Skills that Pay the IT bills

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While reading an IT related website, I found an article that intrigued me. The author provided a list of 10 what he called “must have” IT skills for IT professionals in their day to day jobs.  The list:
 
1. Troubleshooting
2. PowerShell and Scripting
3. Networking and Interoperability
4. Virtualization
5. Wireless
6. Disaster Recovery
7. Security
8. Database Administration
9. Desktop Imaging
10. Helpdesk (People Skills)
 
What struck me about this list is it’s basically everything and the kitchen sink in terms of IT skills, processes and practices. And for someone who’s worked with people across this spectrum of roles, I would be hard pressed to name any one person I’ve ever met that knew more than a little about all of these things. #1 and #10 (Troubleshooting and Help Desk/People skills) seem to have the most potential for a common attribute. Although, you could argue that IT professionals often struggle with people skills. 
 
But for the other eight items, it just seems like an odd collection of different skill sets and knowledge bases. It would be unusual to find a person who is a Networking expert who also can talk eloquently about Database administration. True, it might be great to have this rare combination available for projects. However, uber technical generalists are rare.  For those of you not in IT, think about a career like Finance where you have everything from Investment Banking, to VC, to Private Equity, to Commercial Finance, Trading, Risk, etc.  Although many of the concepts can carry across, each specialty really takes a different set of knowledge or skills.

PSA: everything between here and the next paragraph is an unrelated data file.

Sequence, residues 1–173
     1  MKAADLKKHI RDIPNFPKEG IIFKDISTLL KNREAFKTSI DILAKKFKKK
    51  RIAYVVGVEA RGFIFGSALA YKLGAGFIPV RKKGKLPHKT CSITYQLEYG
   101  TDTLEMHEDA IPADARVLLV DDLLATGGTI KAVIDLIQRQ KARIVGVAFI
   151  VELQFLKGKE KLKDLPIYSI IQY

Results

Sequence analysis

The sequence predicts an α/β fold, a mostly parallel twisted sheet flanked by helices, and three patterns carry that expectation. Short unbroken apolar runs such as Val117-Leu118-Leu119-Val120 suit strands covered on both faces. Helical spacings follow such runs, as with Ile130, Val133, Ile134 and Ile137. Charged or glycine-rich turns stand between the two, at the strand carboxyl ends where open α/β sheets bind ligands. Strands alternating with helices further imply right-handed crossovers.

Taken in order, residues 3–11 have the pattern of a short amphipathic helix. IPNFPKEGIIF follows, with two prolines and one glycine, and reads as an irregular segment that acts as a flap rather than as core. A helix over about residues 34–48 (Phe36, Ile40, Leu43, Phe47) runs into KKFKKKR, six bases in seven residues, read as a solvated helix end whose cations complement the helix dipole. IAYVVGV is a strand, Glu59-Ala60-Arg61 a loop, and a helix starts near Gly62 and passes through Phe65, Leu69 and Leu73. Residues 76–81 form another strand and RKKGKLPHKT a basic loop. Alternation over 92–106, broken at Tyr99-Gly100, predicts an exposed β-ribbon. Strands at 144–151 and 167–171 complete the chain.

If you think back to my blog on shims, IT generalists typically evolve because they go 10 miles wide and 2 feet deep in terms of their organization and IT systems knowledge, plus they have a very strong people/org skill anchor to help solidify their unique role.  Often times, a shim departed from a technical track earlier in their career (maybe into an analyst or Project Management role).  But in most IT organizations, the most technically apt workers are ofter split into a IT specialty early in their career.  Or it could be based on their educational background, e.g., electrical engineers become networking experts. IT consulting might be the only place where you can learn a little bit of everything. Even then, consulting companies would prefer you have one specialty so you can be always be staff-able.
 
I’m not saying people would NOT want to have a “must have” uber generalist like the author describes, I’m just not convinced that it’s even close to a realistic goal.
 

 

 

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